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Two wishes, two misses.
25 July 2009: Nestled between wooded hillsides, there is a lake in Rockland Co. NY where mountain laurel blooms in profusion along its banks in early summer. The water's surface is covered with lilypads while cattails and sedges line the shore. The lake can be found on maps but there are no signs along the road marking it. The pull-off is inconspicuous so there rarely are any visitors.
I used to visit it with friends back when I was just starting to look at dragonflies and damselflies. It was a great place to learn, there were four species of spreadwing, Lestes to figure out. Both Unicorn and Lilypad Clubtail, Arigomphus villosipes and furcifer were present to compare. I caught my first emerald along its banks with a ridiculously small toy of a net (someone had challenged me to it). It was an American Emerald, Cordulia shurtleffii, and I was awed by its incredible green eyes. My friends and I would spend the whole day there until the sun dropped below the hills. We would head home tired but before leaving we would scan the lake for tiny points of yellow and blue, waiting and hoping for the Vesper Bluets, Enallagma vesperum, to magically appear on the lilypads.
During one of these late afternoons a couple of mosaic darners flew in and began laying eggs amid the cattails. We caught one, a female Black-tipped Darner, Aeshna tuberculifera. She was beautifully adorned in blues and greens and was one of the loveliest creatures I've ever seen. We perched her on the cattails and took a couple of pictures in the warm glow of the setting sun. Then off she flew.
The lake still looks about same these days but the surprises are fewer now that the species have grown familiar. I aimed to find Black-tipped Darners ovipositing in the late afternoon and hoped to catch one. The cattails are still there but there weren't as much of it as I remembered. Just a single small stand so there I watched and waited for the sun to fall again. Frosted Whiteface. Slaty Skimmer. Blue Dasher. A darner flies by, just a Common Green Darner. An Eastern Kingbird swoops low catching what? Can't tell. Only two species of spreadwing today. An old female Lilypad Forktail blue with pruinosity. Darker now. Orange Bluet. The sun drifts below the trees, then finally a single Vesper, golden with a touch of blue ends the day.
27 July 2009: I really want to see Coppery Emerald, Somatochlora georgiana. It is unlike any other Somatochlora, it's body is warm brown and its eyes stay modestly reddish, never jewel-like green like the others. The species is rarely seen throughout its wide range and is apparently scarce. There are not many photographs of it. I've looked for it a few times over the years. In southern New Jersey I've stood at a couple of the locations where they have been recorded and seen nothing. Further south near Tallahassee, Jerrell Daigle always talks about the one he caught but mostly about the one that got away. On one occasion he pointed up at a couple of high-flying, fast-moving dragonflies and said that those were probably georgiana. I squinted up but couldn't be sure as they were gone before he finished his gesture.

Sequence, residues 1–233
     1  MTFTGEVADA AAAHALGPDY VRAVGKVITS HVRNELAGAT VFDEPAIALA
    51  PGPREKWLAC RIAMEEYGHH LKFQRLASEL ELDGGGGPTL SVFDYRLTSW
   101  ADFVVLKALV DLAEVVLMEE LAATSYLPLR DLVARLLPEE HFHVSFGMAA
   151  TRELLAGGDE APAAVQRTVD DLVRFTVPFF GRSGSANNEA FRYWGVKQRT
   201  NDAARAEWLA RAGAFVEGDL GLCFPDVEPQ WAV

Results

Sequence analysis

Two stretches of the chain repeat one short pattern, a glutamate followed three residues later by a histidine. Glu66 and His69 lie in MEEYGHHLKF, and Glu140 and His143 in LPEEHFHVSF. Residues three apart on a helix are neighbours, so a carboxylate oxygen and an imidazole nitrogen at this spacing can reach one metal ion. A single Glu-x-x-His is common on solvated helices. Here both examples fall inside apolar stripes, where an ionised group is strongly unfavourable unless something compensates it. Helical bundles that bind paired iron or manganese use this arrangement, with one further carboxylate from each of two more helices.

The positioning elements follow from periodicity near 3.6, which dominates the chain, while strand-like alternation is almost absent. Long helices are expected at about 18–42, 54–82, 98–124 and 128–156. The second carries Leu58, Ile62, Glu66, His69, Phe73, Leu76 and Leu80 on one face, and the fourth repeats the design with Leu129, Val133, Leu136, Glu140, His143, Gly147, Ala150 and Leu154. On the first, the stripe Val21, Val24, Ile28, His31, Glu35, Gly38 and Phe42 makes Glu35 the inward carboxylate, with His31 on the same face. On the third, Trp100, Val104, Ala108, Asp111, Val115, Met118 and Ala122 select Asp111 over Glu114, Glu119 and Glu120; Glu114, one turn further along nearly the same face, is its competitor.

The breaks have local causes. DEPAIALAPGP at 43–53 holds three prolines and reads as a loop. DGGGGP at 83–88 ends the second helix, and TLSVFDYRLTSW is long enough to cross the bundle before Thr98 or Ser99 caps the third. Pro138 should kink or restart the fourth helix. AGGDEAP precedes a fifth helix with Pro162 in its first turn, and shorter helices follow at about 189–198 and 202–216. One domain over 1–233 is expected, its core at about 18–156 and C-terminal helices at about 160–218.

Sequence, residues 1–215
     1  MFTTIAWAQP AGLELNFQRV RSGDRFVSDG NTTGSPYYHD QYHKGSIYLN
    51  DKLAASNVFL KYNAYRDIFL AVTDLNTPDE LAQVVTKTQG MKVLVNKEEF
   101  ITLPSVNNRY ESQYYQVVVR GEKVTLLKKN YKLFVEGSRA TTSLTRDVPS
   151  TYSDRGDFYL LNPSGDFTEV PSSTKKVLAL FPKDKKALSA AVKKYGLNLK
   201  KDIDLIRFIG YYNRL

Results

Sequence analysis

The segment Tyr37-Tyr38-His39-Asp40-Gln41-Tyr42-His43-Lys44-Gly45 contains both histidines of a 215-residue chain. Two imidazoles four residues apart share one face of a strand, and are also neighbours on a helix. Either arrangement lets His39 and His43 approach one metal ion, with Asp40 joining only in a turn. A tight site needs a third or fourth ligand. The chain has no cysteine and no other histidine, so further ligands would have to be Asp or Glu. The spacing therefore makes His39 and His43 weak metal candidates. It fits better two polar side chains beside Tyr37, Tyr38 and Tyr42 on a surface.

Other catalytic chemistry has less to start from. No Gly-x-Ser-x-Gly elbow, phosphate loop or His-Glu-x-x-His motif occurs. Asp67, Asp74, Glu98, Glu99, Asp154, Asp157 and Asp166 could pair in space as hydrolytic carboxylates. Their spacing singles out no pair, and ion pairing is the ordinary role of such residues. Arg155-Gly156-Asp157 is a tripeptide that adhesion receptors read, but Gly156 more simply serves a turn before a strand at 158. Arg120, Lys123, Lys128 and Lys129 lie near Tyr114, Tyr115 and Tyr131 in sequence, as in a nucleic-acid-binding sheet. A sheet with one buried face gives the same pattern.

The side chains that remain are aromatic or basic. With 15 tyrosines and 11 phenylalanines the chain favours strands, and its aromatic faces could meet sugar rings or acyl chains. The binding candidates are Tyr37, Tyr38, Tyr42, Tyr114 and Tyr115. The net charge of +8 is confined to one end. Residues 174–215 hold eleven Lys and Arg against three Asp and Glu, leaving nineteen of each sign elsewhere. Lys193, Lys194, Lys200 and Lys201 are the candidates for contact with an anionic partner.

This year I hoped would be different. I contacted Charlie and Ginger Brown about looking for Coppery Emerald in Rhode Island. Ginger's Rhode Island survey had found the species in 4 out of the State's 5 counties. Charlie invited me to visit Great Swamp Management Area where he works. The reserve was their most reliable location making it perhaps the most reliable place in the world for Coppery Emerald.
But 2009 has been no ordinary year. The weather has been poor and with it the dragonflies. Charlie warned me that he had yet to see any georgiana despite checking his best locations during recent fair weather. Still I had to try so I made the trip from New York.
Charlie drove a circuit around the grounds, pointing out the spots were he had seen the species in other years. There were some emeralds flying here and there but they were the pedestrian green-eyed type. Almost all of them were Mocha Emeralds, Somatochlora linearis. A strong breeze blew throughout the day. Around noon Charlie had to get back to the office but I kept walking the trails and peering up at the sky, still hoping.
In the afternoon Charlie found me and we drove out to where he had just seen a couple of Coppery Emeralds. Excitedly I jumped out of the truck when we got to the spot but the emeralds seemed to have gone. A few minutes later an emerald appeared and began flying back and forth along a line of trees. It was small, certainly smaller than all the Mochas that I had been seeing. It flew high, 30, 40 feet in the air. So this was georgiana. I tried to see some color through the binoculars but it appeared only as a dark silhouette against the bright sky. I stood on the bed of the pickup truck to gain a little height but the dragonfly was still beyond reach. I extended my net handle as long as I could, trying to follow the dragonfly as it cruised high above us. Then the emerald drifted lower and it was difficult to see such a small flying thing against the wind blown trees, the light and shadow of the leaves fluttering. Finally I swung. A weak hopeless swing and I saw it easily dodge the net.
Returning to the spot later in the afternoon I had another glimpse of a small emerald, thin waisted and elegant, treetop height. It was soon gone leaving me with a long, empty-handed drive home.
Many thanks to Charlie and Ginger Brown and the staff at Great Swamp Management Area.